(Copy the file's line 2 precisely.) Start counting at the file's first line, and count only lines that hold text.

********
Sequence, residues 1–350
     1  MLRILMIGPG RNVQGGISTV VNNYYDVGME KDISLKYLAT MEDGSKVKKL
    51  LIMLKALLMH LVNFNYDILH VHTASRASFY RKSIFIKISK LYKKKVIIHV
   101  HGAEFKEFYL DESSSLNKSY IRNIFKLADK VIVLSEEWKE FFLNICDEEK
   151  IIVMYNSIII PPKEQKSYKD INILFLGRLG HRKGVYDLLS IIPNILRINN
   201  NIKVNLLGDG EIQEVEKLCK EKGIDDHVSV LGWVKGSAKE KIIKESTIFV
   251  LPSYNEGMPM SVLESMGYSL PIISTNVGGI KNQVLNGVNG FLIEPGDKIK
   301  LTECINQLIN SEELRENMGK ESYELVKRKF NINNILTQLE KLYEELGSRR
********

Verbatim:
     1  MLRILMIGPG RNVQGGISTV VNNYYDVGME KDISLKYLAT MEDGSKVKKL